Ho hum, another GORGEOUS pic of the Sun

By Phil Plait | July 31, 2012 1:20 pm

Just a reminder: the Sun is awesome:

[You MUST click that to get the fully enGdwarfenated 2200 x 2200 pixel picture. It’s stunning.]

I’ve talked about Alan Friedman’s amazing Sun portraits so many times I need not elaborate here; just read the Related Posts below. But man! What a star.

Image credit: Alan Friedman.


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Close-up of a solar monster

By Phil Plait | July 11, 2012 8:27 am

Looking back on it, I should’ve realized friend of the BABlog and masterful solar photographer Alan Friedman would send me a jaw-dropping picture of the vastly ginormous sunspot cluster AR1520 that I wrote about yesterday.

And of course he did:

Holy solar retinopathy! [Click to embiggen.]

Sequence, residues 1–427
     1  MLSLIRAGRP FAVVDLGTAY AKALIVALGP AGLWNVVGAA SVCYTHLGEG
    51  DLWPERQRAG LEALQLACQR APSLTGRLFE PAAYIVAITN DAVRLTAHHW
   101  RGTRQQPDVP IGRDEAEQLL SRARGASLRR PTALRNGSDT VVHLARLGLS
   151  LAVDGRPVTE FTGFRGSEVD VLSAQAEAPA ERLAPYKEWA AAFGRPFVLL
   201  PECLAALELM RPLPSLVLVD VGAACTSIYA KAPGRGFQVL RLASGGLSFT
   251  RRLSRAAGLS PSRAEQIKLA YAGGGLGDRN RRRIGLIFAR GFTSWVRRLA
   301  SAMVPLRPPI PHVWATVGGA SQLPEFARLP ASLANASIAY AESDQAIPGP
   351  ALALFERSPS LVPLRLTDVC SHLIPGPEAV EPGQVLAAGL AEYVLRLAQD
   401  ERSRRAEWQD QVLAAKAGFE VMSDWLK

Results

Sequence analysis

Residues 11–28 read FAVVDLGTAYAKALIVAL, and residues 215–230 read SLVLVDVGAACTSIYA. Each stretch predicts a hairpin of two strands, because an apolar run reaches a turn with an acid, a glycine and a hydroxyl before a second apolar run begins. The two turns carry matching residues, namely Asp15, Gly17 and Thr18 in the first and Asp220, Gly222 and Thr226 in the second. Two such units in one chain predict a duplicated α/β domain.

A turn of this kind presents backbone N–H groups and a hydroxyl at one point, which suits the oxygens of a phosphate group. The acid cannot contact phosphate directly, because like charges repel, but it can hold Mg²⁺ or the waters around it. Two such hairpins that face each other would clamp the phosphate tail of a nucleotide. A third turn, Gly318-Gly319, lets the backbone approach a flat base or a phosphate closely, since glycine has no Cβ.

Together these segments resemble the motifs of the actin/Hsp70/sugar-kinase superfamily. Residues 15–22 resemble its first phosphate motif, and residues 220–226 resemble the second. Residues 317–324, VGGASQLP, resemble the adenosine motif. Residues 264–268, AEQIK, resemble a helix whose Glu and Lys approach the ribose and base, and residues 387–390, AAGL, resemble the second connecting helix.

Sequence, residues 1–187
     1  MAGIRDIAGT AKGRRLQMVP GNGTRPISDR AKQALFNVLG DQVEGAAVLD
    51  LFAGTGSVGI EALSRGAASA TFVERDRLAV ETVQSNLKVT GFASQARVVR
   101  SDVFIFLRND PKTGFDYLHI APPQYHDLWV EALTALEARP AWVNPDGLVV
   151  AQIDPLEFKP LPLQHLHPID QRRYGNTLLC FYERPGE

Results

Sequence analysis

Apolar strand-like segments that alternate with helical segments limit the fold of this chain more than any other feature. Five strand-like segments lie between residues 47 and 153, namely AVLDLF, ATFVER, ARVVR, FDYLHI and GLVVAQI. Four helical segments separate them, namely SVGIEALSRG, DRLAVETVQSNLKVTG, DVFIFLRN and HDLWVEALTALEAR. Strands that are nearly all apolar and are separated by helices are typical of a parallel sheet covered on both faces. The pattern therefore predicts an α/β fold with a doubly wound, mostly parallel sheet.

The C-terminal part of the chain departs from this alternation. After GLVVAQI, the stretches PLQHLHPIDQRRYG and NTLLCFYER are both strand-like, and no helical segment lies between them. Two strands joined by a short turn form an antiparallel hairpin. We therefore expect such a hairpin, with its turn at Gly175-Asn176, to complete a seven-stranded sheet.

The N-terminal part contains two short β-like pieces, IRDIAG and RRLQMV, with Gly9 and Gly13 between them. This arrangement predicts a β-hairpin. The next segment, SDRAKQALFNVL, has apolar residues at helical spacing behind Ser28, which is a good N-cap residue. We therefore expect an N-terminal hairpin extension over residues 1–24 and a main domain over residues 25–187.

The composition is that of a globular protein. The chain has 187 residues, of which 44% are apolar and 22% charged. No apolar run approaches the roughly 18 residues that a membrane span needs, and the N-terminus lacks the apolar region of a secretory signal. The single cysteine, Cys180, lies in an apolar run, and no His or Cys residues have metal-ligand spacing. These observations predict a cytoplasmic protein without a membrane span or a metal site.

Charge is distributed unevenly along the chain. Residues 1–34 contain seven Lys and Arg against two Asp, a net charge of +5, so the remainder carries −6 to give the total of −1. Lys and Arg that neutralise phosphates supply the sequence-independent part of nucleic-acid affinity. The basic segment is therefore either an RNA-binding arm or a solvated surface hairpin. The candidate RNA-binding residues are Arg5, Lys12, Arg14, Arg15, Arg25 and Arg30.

This huge cluster of spots is just now coming around the edge of the Sun’s disk, having formed on the far side where we can’t see things directly from Earth. It’s showing up just as the also huge Active Region 1515 is moving around to the Sun’s other side. Since our star takes about 25 days to spin once, these new spots will be visible for another week at least. They may grow in size, and they’ll certainly change shape, and it’s a decent bet they’ll blow off an interesting magnetic storm or two. AR 1515 sure did, and this cluster may be even bigger. Size isn’t a guarantee of activity, but it’s correlated.

Like I said yesterday, keep checking SpaceWeather and Universe Today for updates on this monster!

Image credit: Alan Friedman, used by permission.


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For your viewing pleasure: Active Region 1302